Minnesota Counterfeiting Laws: What To Expect If You Are Charged

Since counterfeiting money is a federal crime, some people assume that any charges would be brought by the federal government. This tends to only happen in very large cases, however. Each state has its own counterfeiting laws on the books that deal with the replication of United States currency, and these will usually be applied to smaller-scale cases.

Each state is a little different in the exact wording of its laws and in potential punishments. So if you are charged with this crime in Minnesota, what should you expect? Charges for counterfeiting currency are covered by state statute 609.632, but the wording can be tricky to understand in some places. We’ll attempt to help simplify and clarify the law with today’s post.


Manufacturing bills is of course the primary counterfeiting charge. It is also possible to be charged for intent to defraud by means of possessing tools and materials known to be used for counterfeiting, however, even if no actual bills were produced or can be located. This includes things like plates, fabrics meant to match the composition and texture of bills, specialized software and images or templates on a computer.

It is also possible to be charged for possessing counterfeit bills. A key here is that intent to defraud has to be shown by the prosecution. This gives you some amount of legal protection if you unknowingly receive some counterfeit bills in change from a store or restaurant.

These laws are not limited to just the dollar bills. They also apply to counterfeiting of Postal Service money orders, Federal Reserve notes or any other form of securities issued by the government such as bonds. A general rule of thumb is that if it’s issued by a government agency and can be used to pay for things, these laws apply to it.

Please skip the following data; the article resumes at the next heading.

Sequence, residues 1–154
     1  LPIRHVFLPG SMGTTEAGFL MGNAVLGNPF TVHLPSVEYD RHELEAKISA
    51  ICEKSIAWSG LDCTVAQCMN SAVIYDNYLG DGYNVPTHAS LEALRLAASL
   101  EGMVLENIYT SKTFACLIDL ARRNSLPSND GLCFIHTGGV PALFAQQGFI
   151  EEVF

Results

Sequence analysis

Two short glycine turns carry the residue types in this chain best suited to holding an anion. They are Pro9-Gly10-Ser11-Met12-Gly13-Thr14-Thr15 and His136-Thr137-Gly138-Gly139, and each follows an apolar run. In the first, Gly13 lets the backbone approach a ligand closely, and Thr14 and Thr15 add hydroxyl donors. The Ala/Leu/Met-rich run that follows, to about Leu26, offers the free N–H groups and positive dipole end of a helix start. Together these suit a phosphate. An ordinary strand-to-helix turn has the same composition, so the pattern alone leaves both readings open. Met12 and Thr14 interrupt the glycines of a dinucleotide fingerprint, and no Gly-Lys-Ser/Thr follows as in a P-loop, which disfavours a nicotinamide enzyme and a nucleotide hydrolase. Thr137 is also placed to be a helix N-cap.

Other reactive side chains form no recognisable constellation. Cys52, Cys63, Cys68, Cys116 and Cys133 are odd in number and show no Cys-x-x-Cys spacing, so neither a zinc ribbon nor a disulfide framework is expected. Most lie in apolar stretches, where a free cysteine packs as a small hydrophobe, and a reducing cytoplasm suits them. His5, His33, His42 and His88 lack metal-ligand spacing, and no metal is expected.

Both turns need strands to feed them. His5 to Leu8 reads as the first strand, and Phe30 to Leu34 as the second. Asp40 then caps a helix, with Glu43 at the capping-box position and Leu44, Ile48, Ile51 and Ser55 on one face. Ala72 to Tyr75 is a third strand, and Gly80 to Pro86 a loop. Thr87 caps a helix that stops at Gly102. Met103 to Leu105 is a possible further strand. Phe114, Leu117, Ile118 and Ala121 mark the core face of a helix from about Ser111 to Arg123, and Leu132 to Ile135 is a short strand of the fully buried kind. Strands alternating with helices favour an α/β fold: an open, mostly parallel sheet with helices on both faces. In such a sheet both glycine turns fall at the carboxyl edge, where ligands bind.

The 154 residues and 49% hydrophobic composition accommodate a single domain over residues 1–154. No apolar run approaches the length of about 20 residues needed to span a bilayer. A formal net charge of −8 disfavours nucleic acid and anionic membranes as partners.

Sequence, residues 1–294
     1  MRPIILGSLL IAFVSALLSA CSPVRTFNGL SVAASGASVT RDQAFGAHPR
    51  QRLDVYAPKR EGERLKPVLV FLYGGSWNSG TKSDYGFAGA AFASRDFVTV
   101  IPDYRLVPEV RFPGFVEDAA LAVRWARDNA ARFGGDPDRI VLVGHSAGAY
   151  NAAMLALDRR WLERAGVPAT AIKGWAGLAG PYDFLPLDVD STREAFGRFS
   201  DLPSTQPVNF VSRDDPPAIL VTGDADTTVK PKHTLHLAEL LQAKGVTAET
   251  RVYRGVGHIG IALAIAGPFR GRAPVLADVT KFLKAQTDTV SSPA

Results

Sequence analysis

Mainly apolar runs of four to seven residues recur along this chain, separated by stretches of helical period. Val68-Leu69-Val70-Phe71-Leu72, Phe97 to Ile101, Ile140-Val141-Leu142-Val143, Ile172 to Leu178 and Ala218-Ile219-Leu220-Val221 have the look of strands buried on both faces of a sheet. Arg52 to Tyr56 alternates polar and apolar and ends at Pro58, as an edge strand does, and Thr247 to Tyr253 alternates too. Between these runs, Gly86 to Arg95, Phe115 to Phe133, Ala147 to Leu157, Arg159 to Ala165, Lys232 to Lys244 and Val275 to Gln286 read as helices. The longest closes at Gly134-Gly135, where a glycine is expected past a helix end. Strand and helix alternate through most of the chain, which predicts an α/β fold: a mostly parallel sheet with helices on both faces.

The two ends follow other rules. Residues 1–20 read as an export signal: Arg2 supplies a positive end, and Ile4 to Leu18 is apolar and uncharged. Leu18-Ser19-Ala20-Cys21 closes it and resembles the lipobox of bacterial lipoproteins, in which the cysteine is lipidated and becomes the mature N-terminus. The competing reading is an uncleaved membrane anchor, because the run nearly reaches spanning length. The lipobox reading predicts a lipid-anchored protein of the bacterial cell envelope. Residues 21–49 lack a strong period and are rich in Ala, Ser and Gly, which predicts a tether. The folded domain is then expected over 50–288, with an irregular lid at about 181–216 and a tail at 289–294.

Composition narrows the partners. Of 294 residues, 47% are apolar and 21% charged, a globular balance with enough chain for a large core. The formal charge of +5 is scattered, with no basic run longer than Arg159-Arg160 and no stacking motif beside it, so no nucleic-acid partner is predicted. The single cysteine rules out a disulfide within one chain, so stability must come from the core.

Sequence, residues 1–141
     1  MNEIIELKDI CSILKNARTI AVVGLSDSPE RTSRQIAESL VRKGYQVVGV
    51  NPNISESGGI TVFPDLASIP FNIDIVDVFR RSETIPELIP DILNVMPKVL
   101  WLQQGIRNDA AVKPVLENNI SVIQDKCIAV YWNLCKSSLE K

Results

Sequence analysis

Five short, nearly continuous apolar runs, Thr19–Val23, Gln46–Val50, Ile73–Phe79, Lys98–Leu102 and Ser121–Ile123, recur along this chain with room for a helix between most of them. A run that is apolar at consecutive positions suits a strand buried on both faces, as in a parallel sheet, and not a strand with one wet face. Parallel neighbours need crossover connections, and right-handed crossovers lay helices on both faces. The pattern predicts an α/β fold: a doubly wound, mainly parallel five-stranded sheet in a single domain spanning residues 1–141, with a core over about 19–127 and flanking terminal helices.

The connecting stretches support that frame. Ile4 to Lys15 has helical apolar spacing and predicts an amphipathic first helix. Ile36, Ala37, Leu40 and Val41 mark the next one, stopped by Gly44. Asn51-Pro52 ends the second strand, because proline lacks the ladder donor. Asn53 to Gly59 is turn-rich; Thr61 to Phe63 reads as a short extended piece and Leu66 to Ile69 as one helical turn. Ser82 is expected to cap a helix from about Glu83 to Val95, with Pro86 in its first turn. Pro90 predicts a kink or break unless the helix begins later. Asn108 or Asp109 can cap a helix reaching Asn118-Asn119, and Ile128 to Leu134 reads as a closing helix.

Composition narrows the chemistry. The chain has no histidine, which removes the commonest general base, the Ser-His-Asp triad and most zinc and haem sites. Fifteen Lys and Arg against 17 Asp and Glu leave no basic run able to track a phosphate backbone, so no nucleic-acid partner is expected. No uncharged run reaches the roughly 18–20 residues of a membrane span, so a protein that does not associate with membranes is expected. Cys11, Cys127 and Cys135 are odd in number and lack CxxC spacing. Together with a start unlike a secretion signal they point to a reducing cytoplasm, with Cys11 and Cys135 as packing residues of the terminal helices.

Punishment for actual manufacturing of bills or for possession of counterfeiting materials with intent to defraud is pretty simple in Minnesota. The state hands down a sentence of up to 25 years, a fine of up to $100,000, or both. Judges have the power to adjust the sentence based on the severity of the crime, but in theory, the broad wording of the law allows for the maximum sentence for manufacturing as little as one bill.

Punishment for possession and utterance (attempted use) of counterfeit bills is a little more nuanced. The harshest penalty of up to 25 years of incarceration and a fine of up to $100,000 is only applied when either the value of the goods and services the counterfeiter attempted to obtain or the total value of fake currency they possess is greater than $35,000. If the value is between $5,000 and $35,000, the maximum sentence is 10 years and the maximum fine is $20,000. If the values is between $1,000 and $5,000, the maximum sentence is five years and the maximum fine is $10,000.

For cases in which the value of the counterfeit money produced or the goods and services obtained with it is lower than $1,000, the maximum sentence is one year and the maximum fine is $3,000. This only applies if the individual has not been convicted of a similar crime within the past five years, however; if they have, the punishments escalate to the $1,000-$5,000 tier.

Just because a counterfeiting case is heard in state court does not mean it is not serious and will not carry penalties that can ruin your life. If you are charged with such a crime, you need the skills of an experienced and qualified defense attorney. Contact us at any time for more information and to set up an initial consultation.